Driving through the small town of Deddington the other day, I was struck (not physically) by a large sign on the wall of a very expensive-looking house as you enter Deddington from the east: "KEEP DEDDINGTON RURAL!"
Now Deddington has always struck me as rather rural - you only go through it as a cut-through between the M40 and Chipping Norton - and indeed it's a good 10 miles from the nearest Waitrose (in Brackley), which is my personal measure of ruralness. But clearly it's in imminent danger of un-rurality, so I did a little Googling. Horror of horrors, Pegasus Group is planning to built 85 houses on a 9.5 acre site in Deddington:
If you feel our village should grow in a more sustainable way, responsive to local needs, with 3-5 new houses a year over the next 18 years as contemplated by the new Local Plan, please make your views known by emailing CDC Planning Department (ref. 13/00301/OUT)Deddingon parish has a population of 2,100; this probably translates to about 1000 houses, of which probably 400 or so are in Deddington; you're looking at a ~20% growth in the town itself. This is hardly the end of the world. Looking at the satellite view of Deddington, with the area for development being the wedge-shaped field above Hempton Road and to the left of Banbury Road this doesn't look as if it's going to change the town beyond all recognition. If you zoom out a little, it's very apparent just how much green space is around Deddington. Building around there is a no-brainer. In fact, the tedious stretch of road between Deddington and Hempton to the west could also useful be built on, joining them up into one entity. (Now I'm going to get letter bombs through the post from the Deddington Urban Liberation League.)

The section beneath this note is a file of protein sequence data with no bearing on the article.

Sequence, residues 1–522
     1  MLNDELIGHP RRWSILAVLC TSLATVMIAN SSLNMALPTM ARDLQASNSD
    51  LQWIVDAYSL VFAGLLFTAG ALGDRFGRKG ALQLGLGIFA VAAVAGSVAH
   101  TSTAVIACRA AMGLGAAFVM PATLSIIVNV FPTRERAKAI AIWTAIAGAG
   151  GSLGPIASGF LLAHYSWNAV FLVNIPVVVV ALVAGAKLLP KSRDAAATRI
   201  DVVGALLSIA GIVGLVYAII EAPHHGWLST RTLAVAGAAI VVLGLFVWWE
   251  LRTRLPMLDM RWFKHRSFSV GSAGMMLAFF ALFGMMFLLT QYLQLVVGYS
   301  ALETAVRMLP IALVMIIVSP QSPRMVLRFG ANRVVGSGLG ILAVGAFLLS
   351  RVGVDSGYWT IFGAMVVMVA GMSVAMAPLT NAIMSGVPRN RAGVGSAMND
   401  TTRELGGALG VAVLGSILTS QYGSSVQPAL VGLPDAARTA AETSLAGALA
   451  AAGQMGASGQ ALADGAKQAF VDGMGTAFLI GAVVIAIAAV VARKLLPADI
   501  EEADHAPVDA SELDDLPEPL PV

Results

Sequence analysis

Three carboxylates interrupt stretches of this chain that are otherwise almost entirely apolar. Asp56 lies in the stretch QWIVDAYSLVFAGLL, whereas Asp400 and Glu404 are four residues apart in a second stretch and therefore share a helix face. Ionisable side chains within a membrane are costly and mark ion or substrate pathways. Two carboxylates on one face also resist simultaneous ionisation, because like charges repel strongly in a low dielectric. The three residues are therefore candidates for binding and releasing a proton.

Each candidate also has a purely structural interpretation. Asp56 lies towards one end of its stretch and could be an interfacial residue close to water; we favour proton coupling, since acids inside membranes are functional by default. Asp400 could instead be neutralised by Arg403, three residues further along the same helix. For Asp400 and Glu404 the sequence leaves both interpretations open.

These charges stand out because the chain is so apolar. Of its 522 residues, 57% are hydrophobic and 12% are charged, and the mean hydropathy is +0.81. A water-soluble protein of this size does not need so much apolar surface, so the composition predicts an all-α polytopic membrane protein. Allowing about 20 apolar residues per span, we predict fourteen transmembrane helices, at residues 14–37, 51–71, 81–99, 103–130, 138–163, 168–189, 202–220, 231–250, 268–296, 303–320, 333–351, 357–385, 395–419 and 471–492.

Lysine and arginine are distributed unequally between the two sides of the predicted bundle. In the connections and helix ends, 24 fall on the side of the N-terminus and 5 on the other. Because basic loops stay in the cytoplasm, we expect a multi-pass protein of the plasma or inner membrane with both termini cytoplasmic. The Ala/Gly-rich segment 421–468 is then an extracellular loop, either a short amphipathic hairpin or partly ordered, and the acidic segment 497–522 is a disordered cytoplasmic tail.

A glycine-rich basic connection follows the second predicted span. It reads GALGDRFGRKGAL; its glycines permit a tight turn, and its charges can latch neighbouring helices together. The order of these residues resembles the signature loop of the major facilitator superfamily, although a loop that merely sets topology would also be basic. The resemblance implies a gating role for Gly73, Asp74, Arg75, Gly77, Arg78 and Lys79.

Arguing for less than 1% growth per annum so that it takes ~18 years to increase town size by 20% instead of 1 year is such painful NIMBYism that deserves at least contemptuous dismissal, and better yet an active increase in the amount of planning permission granted. After all, if the town is going to get so het up about such a modest development, surely the marginal additional indignation for e.g. a doubling of house numbers would be rather small?